House music rises from massive speakers and fills the dark, crowded club with its pulsing, trance-like beat. Beams of colored light wash across the throngs on the dance floor, tinting the dancers’ ecstatic, sweaty bodies blue, red, green. A strobe light distorts their fluid movements so that they resemble characters in a cartoon flip book.
The swirling, sliding music—at once spacey and soulful—spreads out across the crowd like a sonic picnic blanket. The music crescendos and the dancers lose themselves in the expanding beats. They flow in perfect synch with every warp and twist in the track.
Overseeing all of this music and movement, controlling it like the great and mighty Oz, is not a jet-set superstar DJ from London or Ibiza with an ego the size of his MP3 collection. Increasingly, it’s a mild-mannered software developer who’s in the DJ booth, manning two turntables and a MacBook.
[To learn more about the developer DJs interviewed for this story and the equipment they use, see the slide show, Two Turntables and a MacBook: Geeks Get Their Groove On.]
Laptop- or digital DJ’ing, as the practice of playing and mixing MP3s using a computer and special software is known, has emerged over the last decade, as music went digital and laptops shrunk in cost and grew in power. The use of technology in DJ’ing attracted young men with geeky tendencies—the guys who were members of their high schools’ HAM radio and AV clubs, who played in the school band, and who tinkered with robots and electronic devices in their spare time. A decade later, these dudes are still tinkering, only now as software developers and hardware engineers by day and as professional or bedroom DJs by night. They see both traditional turntable and laptop DJ’ing as a way to channel their technical skills toward a creative pursuit that’s universally regarded as cool.
“I talk to a lot of DJs, and when I ask what they do during the day, it’s some kind of technical job,” says Nicholas Maddix, 33, a club DJ and the creator of Anagram software.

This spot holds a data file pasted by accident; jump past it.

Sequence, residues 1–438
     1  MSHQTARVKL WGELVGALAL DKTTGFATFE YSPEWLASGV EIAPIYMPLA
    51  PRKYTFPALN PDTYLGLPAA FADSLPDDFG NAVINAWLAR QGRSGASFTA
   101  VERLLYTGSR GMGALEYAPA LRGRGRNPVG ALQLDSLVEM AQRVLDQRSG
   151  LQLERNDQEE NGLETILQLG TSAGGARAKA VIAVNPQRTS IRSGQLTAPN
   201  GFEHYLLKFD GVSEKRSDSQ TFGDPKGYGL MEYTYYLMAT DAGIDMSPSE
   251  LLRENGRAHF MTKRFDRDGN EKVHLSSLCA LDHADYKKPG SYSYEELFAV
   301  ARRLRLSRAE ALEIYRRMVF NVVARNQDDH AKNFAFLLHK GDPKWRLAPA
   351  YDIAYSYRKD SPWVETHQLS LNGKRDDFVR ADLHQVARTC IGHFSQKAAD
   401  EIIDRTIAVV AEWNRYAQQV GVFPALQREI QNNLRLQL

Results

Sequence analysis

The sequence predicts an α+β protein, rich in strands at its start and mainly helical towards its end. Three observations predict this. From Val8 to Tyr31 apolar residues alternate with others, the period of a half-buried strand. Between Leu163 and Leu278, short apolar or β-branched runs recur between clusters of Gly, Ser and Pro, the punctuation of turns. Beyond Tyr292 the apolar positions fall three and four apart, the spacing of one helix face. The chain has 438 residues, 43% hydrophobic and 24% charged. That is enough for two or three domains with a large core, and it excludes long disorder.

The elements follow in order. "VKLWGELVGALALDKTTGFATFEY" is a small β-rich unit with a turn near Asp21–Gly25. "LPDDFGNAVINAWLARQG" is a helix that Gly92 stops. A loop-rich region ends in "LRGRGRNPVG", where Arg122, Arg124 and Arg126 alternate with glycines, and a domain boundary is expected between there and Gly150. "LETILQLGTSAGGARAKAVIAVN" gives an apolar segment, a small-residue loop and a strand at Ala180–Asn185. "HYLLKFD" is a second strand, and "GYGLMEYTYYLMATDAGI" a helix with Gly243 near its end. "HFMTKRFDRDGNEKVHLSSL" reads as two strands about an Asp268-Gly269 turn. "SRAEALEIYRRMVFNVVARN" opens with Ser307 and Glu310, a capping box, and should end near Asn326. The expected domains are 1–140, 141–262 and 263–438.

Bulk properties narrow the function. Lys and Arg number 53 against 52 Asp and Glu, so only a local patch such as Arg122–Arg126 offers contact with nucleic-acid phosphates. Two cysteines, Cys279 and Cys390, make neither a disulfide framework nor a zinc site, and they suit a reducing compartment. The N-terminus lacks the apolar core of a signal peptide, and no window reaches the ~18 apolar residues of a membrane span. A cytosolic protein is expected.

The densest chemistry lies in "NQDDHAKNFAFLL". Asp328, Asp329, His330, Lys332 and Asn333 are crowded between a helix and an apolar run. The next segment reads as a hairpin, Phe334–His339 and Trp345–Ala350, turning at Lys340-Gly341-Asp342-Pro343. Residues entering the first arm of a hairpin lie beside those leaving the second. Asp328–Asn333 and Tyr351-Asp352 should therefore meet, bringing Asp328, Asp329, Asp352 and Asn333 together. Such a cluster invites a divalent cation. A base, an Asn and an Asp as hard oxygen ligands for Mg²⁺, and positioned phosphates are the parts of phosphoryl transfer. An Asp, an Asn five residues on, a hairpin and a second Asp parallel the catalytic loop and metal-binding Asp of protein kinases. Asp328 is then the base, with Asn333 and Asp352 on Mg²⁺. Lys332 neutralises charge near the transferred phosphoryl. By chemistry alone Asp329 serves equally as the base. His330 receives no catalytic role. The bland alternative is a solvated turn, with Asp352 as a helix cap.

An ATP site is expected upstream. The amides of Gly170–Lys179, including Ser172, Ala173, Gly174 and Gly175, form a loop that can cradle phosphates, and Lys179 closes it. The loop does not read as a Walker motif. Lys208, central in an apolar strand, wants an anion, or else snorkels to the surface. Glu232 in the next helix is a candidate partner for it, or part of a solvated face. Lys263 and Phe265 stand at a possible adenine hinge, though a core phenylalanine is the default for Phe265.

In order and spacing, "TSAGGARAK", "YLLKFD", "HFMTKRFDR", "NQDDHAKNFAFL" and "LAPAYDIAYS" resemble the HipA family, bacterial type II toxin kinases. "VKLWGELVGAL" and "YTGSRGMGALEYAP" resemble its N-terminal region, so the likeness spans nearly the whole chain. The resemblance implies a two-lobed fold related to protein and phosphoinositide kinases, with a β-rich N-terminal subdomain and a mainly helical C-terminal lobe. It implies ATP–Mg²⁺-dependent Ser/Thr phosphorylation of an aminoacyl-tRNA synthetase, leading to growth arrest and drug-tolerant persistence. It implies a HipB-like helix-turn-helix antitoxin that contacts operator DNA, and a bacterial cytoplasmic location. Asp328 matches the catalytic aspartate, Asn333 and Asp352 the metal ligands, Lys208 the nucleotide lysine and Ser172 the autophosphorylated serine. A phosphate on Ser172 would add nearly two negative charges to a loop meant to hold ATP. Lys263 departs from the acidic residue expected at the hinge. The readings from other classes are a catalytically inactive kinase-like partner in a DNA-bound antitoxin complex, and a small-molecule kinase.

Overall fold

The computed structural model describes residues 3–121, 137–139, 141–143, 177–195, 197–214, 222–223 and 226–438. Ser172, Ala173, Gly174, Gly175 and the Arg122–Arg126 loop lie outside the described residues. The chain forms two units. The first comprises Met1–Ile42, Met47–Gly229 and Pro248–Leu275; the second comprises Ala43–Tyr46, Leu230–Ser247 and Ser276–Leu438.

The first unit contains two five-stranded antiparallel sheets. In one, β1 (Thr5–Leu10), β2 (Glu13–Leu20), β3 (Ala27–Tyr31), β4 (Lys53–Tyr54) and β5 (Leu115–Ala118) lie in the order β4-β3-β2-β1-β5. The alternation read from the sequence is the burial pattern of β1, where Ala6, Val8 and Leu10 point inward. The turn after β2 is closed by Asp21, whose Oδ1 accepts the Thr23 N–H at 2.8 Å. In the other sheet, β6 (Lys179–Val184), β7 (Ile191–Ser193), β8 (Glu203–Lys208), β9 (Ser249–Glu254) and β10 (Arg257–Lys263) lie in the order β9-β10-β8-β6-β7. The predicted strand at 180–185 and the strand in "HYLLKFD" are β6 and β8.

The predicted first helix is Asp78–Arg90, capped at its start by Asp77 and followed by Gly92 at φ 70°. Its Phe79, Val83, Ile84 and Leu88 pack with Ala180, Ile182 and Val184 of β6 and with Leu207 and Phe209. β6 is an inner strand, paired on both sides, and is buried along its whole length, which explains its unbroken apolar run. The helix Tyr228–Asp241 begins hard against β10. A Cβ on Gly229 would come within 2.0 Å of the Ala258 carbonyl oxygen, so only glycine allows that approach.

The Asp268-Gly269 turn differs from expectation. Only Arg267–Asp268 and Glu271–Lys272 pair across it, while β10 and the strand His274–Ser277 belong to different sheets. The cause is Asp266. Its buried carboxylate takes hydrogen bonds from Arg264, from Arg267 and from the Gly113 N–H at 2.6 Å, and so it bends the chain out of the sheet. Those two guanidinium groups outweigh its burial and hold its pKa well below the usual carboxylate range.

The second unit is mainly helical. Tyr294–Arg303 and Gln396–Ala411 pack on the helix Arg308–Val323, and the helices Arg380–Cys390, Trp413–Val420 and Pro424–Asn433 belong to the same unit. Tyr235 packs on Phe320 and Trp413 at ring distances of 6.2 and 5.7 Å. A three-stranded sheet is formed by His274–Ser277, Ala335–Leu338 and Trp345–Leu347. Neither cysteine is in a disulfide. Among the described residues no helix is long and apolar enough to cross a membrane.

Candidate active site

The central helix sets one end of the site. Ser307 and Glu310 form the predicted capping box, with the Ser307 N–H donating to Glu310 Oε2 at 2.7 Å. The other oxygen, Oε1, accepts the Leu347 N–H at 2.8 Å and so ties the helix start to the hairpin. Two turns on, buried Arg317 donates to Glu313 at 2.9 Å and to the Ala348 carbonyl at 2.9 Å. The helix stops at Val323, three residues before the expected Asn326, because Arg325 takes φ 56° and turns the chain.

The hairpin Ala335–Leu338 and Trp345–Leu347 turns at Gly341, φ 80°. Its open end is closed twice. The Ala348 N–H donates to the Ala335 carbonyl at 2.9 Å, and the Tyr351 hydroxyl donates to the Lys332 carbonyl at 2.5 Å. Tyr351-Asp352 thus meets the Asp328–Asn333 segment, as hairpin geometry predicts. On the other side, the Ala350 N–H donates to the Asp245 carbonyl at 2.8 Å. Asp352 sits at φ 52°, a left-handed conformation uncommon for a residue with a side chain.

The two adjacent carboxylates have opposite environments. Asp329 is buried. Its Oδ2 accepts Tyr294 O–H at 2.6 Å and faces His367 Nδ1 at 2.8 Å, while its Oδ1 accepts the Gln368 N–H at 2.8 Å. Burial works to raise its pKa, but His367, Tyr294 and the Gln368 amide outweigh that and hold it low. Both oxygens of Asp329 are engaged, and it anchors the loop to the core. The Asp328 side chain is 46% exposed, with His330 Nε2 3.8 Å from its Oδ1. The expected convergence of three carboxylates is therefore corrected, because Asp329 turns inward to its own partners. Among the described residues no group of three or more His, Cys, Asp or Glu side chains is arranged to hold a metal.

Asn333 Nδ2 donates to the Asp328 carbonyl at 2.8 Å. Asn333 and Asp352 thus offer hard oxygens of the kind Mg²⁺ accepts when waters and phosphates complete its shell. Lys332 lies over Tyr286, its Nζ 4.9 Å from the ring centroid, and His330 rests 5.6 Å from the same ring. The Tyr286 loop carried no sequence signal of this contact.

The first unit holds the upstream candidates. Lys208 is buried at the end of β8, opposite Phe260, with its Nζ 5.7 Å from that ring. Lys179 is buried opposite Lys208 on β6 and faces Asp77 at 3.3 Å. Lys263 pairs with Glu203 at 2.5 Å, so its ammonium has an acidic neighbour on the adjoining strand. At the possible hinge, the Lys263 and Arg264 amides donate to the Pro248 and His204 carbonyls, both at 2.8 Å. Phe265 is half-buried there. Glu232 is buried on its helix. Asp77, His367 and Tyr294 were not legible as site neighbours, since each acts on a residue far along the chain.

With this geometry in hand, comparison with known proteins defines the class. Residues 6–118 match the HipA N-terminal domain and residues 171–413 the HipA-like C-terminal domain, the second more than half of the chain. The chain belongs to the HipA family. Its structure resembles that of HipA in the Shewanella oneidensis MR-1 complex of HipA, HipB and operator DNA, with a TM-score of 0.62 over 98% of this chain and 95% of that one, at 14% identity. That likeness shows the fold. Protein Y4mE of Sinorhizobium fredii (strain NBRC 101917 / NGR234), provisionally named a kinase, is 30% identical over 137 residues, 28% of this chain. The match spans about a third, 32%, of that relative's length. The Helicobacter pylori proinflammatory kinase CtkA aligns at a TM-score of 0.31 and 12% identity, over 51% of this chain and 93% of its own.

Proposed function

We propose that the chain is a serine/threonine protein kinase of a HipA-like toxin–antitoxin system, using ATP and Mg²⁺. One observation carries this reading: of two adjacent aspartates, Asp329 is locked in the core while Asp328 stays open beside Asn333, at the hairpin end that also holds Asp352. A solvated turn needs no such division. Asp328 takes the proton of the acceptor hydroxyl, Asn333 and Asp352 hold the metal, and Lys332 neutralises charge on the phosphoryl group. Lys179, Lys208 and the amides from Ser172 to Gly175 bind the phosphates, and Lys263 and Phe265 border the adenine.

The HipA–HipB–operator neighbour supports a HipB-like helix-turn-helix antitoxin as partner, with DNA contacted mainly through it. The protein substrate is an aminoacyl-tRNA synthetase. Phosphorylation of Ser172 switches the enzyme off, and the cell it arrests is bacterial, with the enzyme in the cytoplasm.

Alan Cannistraro, 31, a software developer who works for a computer manufacturer in Silicon Valley, says he was dumbfounded by the number of IT professionals in the San Francisco-bay area who claimed to be DJs when he moved there from Toronto.
“The Bay-area is dominated by people in technology, and the number of DJs here is ridiculously high,” he says. “We sit in front of computers all day. We love it, but we all need creative outlets. DJing is a geekier creative outlet.”
The Developer DJ’s Edge
Although technology has made DJ’ing more accessible to people outside of recording studios, laptop DJ’ing still requires a fair amount of technical skill.
“You have to know how to wire up a rig with five different pieces of equipment, and you need to know how to operate those pieces of equipment,” says Cannistraro.
In that sense, laptop DJ’ing is not unlike outfitting a small data center.
And while software, such as Scratch Live and Traktor, has made cueing music, beat-matching and making remixes much easier for DJs, they still need to know how to use the applications.
David Gallant, a former AV club member who now works in IT and DJs weddings and dances on weekends (he used to DJ in bars and clubs), can attest to the technical skills required for DJ’ing. He says he often serves as a helpdesk for non-technical DJs who spin at nightclubs in Boston. When they need help with the sound system or using the Scratch Live software, Gallant’s phone rings.
“They know how to plug things in, but they don’t know how to work it,” says Gallant. “Twice in recent months, I had to fix DJ Skribble‘s sound system over the phone.”
In some cases, IT professionals’ technical skills improve their performances and help them stand out from more well known, but less dynamic, acts. (Electronic musicians such as Underworld and The Crystal Method aren’t known for their electrifying theatrics or on-stage dynamism.)
For example, Cannistraro and DJ’ing partner Gautam Banerjee (a hardware engineer) incorporate gaming accessories, such as Nintendo Wii controllers, joy sticks and P5 gloves, into their shows to make them more interesting for audiences. They program the devices to mix and change music in response to their hand and arm movements. Cannistraro and Banerjee say the custom “instruments” allow them to “throw music” and generally appear more theatrical on stage (think Pete Townsend pinwheels, minus the Stratocaster). Without the instruments, the duo would just be staring at their laptops the whole time.